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PUBLIC RELEASE DATE:
8-Feb-2010

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Contact: Karen Honey
press_releases@the-jci.org
215-573-1850
Journal of Clinical Investigation
@jclinicalinvest

Enhancing arrest of cell growth to treat cancer in mice

A team of researchers, led by Pier Paolo Pandolfi, at Beth Israel Deaconess Medical Center, Boston, has identified a new type of cellular senescence (i.e., irreversible arrest of cell growth) and determined a way to enhance it to suppress prostate tumor development and growth in mice.

Previous work by Pandolfi and colleagues determined that inactivation of the protein Pten leads to a senescence response that opposes tumorigenesis. In this study, Pten-loss-induced cellular senescence (PICS) was found to be distinct from another form of cellular senescence known as oncogene-induced senescence in that it did not cause cellular proliferation and DNA damage. This was important because these two consequences of oncogene-induced senescence mean that enhancing this process for the treatment of cancer is not a viable option. As pharmacological inhibition of PTEN was found to drive senescence and inhibit tumor development and growth in vivo in a human xenograft model of prostate cancer, the authors suggest that enhancing PICS might provide a new approach for cancer prevention and therapy.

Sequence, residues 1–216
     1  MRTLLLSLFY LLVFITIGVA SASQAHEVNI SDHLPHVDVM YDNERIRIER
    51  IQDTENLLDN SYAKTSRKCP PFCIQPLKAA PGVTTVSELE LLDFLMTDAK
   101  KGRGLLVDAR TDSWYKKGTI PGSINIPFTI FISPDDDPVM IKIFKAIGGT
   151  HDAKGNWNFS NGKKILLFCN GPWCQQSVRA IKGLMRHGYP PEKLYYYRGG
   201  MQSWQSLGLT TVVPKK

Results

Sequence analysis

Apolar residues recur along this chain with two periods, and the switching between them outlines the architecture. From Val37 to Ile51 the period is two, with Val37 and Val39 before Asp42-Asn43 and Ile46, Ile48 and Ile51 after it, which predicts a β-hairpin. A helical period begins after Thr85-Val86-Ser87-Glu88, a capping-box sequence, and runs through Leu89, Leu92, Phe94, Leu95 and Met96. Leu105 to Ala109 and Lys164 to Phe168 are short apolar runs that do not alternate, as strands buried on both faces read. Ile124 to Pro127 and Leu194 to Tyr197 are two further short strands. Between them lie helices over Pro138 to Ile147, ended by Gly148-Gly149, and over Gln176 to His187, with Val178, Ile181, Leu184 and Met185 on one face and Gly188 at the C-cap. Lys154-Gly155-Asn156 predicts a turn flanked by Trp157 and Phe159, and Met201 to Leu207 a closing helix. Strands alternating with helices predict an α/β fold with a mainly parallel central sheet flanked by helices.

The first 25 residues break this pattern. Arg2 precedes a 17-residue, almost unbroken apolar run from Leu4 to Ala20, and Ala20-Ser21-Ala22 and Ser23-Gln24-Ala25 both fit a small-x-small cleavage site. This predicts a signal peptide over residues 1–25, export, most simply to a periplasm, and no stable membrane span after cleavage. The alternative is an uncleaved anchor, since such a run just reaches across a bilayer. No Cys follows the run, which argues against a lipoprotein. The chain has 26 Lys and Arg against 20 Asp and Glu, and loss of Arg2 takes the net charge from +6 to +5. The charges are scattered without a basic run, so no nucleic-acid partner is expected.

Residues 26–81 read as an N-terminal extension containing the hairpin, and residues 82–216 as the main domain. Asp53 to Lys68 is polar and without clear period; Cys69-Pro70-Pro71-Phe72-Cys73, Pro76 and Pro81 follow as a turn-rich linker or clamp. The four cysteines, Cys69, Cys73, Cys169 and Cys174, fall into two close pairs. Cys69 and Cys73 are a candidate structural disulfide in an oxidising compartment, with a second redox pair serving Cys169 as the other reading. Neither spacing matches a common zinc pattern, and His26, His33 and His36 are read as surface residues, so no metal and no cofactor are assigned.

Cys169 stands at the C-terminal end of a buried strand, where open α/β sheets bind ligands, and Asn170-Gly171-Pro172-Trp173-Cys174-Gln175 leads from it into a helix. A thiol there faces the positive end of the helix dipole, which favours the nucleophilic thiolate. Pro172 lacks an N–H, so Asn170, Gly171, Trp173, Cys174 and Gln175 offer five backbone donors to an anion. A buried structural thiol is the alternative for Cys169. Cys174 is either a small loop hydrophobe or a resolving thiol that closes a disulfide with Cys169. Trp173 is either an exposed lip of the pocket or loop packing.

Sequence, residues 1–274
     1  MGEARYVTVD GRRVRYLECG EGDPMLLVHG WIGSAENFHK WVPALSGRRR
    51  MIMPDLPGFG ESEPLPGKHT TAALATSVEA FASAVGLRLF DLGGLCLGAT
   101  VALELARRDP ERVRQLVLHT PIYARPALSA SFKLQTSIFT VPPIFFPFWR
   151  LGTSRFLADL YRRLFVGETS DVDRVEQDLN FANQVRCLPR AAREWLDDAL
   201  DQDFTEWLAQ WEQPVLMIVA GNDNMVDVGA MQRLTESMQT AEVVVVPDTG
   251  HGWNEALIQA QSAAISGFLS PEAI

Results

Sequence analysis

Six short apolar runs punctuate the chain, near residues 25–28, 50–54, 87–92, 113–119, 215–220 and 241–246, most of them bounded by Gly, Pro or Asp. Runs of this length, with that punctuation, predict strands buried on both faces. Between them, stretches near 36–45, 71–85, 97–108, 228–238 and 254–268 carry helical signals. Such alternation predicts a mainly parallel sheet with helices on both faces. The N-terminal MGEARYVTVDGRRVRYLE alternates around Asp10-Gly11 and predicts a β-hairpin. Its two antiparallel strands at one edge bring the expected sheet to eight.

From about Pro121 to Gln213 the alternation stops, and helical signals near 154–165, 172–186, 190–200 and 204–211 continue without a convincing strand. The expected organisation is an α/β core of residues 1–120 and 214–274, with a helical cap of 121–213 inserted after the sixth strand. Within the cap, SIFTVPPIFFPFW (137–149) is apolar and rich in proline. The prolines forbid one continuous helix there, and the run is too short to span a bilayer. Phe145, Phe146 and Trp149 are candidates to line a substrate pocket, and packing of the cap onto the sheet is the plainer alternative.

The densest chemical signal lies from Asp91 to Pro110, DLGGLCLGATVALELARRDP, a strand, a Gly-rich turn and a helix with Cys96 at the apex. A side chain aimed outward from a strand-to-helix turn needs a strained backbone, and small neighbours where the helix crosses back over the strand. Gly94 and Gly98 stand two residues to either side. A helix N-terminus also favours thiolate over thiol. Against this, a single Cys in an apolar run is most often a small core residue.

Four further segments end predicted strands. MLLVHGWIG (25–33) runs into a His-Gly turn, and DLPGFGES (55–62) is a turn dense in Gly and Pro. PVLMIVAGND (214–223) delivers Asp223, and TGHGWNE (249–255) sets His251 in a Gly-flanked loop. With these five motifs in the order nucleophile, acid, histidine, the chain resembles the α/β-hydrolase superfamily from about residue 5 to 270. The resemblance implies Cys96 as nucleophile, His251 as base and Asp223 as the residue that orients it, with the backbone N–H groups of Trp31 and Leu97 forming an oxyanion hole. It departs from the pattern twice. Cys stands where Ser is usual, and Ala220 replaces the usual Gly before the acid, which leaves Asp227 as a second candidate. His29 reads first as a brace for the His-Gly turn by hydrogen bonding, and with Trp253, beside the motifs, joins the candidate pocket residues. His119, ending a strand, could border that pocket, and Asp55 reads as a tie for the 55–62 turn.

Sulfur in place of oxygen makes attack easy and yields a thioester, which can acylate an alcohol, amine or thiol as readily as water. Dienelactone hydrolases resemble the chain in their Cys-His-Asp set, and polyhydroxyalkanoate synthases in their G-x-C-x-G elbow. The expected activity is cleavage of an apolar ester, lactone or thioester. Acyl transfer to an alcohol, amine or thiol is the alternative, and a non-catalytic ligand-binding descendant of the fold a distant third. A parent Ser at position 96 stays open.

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TITLE: A novel type of cellular senescence that can be enhanced in mouse models and human tumor xenografts to suppress prostate tumorigenesis

AUTHOR CONTACT:
Pier Paolo Pandolfi
Beth Israel Deaconess Medical Center, Harvard Medical School, Boston, MA, USA.
Phone: 617.735.2121; Fax: 617.735.2120; E-mail: ppandolf@bidmc.harvard.edu.

View this article at: http://www.jci.org/articles/view/40535?key=9b25621b73ed2877356a



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